Drs. Christopher Duntsch, Kern Singh & more: 13 spine surgeons in the headlines this week

Written by Adam Schrag | February 24, 2017 | Print  |

Here are 13 spine surgeons who were in the news this week:

Washington state health regulators investigated complaints against Johnny Delashaw, MD, after a Seattle Times investigative article took a deep dive into volume increases, concurrent surgeries and complaints lodged against him.


Barry Pollard, MD, was inducted into Stillwater-based Oklahoma State University's Hall of Fame.


A coyote followed Steven Poletti, MD, into his Mount Pleasant, S.C.-based Southeastern Spine Institute office but didn't cause any trouble.


Former neurosurgeon Christopher Duntsch, MD, PhD, was sentenced to life in prison for intentionally injuring his patients.


Virginia Supreme Court's Justice Stephen R. McCullough reversed a prior trial court decision against spine surgeon Matthew T. Mayr, MD.


Co-Director of the Minimally Invasive Spine Institute at Midwest Orthopedics at Rush in Chicago Kern Singh, MD, founded the Minimally Invasive Spine Study Group.


Ian A. Madom, MD, of Providence-based Ortho Rhode Island, Kern Singh, MD, of Chicago-based Midwest Orthopaedics at Rush, Richard Kube, MD, of Peoria, Ill.-based Prairie Spine & Pain Institute, Vladimir Sinkov, MD, of Nashua-based New Hampshire Orthopaedic Center and Brian R. Gantwerker, MD, of the Craniospinal Center of Los Angeles all commented on what spine surgeons can expect under the Trump administration.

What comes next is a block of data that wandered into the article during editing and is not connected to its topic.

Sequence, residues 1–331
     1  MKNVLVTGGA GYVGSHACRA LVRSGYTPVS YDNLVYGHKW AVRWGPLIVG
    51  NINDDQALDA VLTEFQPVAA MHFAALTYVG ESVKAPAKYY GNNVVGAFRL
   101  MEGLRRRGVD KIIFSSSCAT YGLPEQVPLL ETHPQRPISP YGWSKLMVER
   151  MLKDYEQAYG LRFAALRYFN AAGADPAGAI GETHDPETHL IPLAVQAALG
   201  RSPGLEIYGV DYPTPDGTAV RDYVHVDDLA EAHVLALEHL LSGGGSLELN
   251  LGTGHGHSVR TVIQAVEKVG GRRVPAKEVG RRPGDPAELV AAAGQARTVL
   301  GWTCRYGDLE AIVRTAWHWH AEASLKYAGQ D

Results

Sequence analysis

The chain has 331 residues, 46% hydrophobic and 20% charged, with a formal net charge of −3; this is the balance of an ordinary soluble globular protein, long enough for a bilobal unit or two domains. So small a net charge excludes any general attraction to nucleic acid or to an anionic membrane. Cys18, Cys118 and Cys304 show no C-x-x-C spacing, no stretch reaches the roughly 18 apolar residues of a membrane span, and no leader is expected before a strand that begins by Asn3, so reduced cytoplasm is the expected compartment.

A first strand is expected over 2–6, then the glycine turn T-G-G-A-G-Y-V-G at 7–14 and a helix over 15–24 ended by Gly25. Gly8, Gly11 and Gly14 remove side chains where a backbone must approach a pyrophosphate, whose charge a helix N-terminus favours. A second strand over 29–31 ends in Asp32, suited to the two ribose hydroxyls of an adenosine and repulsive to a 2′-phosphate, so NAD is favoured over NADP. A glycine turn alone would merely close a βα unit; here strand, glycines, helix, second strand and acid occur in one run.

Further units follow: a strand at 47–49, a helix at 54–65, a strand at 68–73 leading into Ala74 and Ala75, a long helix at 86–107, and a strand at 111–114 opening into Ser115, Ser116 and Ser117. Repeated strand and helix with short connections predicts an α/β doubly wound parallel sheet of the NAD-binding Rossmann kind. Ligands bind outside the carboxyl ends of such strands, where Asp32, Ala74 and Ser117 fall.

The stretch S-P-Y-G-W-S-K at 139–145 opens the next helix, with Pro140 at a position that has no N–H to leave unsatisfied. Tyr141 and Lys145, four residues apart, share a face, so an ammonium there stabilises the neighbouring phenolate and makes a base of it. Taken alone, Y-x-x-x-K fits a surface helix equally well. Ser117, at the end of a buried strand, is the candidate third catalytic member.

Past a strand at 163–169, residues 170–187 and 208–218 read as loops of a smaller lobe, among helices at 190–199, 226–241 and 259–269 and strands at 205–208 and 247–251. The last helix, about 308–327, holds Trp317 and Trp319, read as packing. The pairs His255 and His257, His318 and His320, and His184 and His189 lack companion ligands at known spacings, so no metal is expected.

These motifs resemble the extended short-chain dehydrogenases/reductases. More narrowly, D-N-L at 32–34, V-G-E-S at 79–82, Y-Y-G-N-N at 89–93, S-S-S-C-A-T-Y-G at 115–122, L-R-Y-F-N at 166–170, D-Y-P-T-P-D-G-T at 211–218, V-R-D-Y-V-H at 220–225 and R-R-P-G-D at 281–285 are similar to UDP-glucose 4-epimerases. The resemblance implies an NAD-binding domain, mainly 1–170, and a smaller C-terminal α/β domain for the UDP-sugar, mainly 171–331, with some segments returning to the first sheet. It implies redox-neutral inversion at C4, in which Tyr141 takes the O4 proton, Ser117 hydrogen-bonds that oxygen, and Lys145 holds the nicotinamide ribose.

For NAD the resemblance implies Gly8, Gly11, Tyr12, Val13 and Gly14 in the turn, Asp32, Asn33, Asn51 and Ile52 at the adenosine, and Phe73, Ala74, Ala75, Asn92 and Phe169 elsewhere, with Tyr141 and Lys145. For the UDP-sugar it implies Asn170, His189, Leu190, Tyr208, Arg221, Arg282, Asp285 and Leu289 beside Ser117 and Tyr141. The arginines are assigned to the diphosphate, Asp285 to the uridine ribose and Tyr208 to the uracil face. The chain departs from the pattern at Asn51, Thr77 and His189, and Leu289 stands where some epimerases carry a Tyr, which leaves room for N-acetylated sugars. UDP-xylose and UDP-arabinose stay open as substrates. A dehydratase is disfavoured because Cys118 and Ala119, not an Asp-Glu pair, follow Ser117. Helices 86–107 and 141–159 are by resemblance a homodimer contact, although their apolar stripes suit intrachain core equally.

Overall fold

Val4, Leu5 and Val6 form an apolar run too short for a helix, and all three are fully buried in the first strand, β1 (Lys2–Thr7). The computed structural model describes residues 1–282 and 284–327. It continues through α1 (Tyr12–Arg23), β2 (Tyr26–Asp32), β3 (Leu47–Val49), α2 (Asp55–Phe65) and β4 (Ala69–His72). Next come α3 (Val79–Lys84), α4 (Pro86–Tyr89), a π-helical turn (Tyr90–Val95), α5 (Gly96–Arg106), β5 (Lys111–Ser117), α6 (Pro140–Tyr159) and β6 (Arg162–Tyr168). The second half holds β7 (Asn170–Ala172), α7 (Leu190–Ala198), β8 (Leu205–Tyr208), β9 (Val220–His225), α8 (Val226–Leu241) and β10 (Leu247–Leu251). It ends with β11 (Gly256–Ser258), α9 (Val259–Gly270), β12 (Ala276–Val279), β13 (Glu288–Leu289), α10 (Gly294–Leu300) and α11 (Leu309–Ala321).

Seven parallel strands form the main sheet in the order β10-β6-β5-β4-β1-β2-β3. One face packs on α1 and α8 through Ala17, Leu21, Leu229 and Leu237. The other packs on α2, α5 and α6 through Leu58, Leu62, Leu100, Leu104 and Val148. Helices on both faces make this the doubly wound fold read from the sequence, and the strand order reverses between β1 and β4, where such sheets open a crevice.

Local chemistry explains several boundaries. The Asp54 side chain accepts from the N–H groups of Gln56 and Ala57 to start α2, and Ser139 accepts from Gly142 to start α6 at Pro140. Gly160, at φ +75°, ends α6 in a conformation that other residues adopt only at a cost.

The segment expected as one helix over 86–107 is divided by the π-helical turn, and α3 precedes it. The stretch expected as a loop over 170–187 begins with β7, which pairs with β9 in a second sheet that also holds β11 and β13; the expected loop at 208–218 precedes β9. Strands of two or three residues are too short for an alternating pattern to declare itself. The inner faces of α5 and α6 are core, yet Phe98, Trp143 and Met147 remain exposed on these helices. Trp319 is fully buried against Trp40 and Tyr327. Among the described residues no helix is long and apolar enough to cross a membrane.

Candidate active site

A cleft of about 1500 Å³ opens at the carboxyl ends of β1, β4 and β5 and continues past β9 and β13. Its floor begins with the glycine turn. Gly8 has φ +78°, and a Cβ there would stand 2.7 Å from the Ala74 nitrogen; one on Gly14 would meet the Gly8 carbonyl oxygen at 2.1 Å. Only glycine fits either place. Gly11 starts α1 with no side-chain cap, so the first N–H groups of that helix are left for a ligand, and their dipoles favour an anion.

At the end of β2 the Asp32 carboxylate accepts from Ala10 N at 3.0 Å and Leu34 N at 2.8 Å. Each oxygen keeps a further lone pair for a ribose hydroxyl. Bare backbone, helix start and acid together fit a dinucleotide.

John Lesher, MD, began seeing patients at the new Mooresville, N.C.-based Carolina Neurosurgery & Spine Associates.


Timothy D. Bassett, MD, of Tuscaloosa, Ala.-based Southeastern Spine Specialists, and Brad G. Prybis, MD, of Carrollton (Ga.) Orthopaedic Clinic, will offer insights from their early experience with PEEK-OPTIMA HA Enhanced interbody fusion devices during a Invibio-sponsored webinar on March 2.


More spine articles:
New Jersey Neck & Back Institute reveals enhanced website

Spine care under the Trump administration: What can surgeons expect?

Study: Elderly people with back pain 13% more likely to die early: 3 details

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